Up until recently, very little attention was focused on a hazard that while not visible to the naked eye can be as debilitating, if not more, than many physical workplace hazards.
Psychosocial hazards that may affect young workers include bullying, threats of violence, sexual harassment and stress.
Young workers are especially vulnerable to psychosocial hazards because of natural feelings of intimidation dealing with older individuals, some of whom may be more senior than they are in their workplaces.
They don’t have a reference point for what is ‘normal’ in a workplace due to lack of experience, especially if on their first job.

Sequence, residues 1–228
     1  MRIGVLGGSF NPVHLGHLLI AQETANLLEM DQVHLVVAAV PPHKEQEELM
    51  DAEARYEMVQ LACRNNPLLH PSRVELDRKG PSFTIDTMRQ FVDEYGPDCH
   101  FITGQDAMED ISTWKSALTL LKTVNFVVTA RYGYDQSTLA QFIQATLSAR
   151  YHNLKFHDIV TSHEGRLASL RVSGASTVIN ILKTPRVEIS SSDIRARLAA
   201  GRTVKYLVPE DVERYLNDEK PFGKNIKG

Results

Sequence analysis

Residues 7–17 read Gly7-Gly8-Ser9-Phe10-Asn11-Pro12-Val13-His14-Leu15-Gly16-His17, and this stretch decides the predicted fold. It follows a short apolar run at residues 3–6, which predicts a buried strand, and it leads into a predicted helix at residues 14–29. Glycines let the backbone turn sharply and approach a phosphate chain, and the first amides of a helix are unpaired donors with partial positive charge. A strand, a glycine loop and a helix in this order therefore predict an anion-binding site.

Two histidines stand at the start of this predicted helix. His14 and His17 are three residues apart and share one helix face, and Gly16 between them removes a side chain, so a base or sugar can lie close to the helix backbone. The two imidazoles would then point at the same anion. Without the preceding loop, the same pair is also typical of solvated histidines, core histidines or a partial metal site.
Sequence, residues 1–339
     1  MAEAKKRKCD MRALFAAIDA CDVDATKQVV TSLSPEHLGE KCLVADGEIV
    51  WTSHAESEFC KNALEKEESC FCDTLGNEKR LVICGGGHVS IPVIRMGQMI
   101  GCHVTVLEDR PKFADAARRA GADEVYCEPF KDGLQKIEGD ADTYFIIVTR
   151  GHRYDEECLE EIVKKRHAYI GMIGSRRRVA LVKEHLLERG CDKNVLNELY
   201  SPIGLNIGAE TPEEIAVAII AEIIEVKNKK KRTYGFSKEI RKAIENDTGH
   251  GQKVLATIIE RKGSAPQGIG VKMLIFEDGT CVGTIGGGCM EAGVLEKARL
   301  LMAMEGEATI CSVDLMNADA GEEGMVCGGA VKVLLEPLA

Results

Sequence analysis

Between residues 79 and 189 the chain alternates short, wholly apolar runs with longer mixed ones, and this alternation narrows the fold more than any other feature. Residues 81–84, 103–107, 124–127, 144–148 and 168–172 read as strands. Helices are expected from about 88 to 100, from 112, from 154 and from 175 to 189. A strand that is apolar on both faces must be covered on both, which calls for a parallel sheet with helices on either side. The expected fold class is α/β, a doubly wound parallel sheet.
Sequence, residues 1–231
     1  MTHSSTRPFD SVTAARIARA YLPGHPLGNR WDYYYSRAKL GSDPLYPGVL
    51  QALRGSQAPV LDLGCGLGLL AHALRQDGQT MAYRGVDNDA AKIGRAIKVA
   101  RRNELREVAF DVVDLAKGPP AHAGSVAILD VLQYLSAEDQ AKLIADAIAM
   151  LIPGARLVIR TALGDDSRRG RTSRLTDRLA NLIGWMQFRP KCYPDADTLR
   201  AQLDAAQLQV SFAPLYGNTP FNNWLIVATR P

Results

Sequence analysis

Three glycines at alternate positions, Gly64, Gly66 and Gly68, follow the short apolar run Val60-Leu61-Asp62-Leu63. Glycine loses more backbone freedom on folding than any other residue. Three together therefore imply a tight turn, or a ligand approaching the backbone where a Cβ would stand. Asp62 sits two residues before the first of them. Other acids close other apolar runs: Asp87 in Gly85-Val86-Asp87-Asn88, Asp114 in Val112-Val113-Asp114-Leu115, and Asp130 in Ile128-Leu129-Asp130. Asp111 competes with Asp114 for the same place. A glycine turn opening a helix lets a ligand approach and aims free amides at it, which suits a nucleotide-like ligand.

They also may be too afraid to either confront or report any kind of workplace harassment, especially if it relates to their bosses for fear of getting fired. Given the high rates of unemployment for young workers in some regions of Ontario, their tolerance level may be higher than it usually might be.
No workplace sector is immune to psychosocial hazards. They could be:
- Sexual harassment of a restaurant employee or a golf course beverage cart girl
- Bullying to an apprentice in a manufacturing facility
- Extremely long hours causing undue stress to a young worker on a farm operation
- Young workers need to know that their worker rights protect them from any kind of psychosocial hazard. They also need to understand that they cannot be fired for reporting any incident or ongoing behavior that impacts them.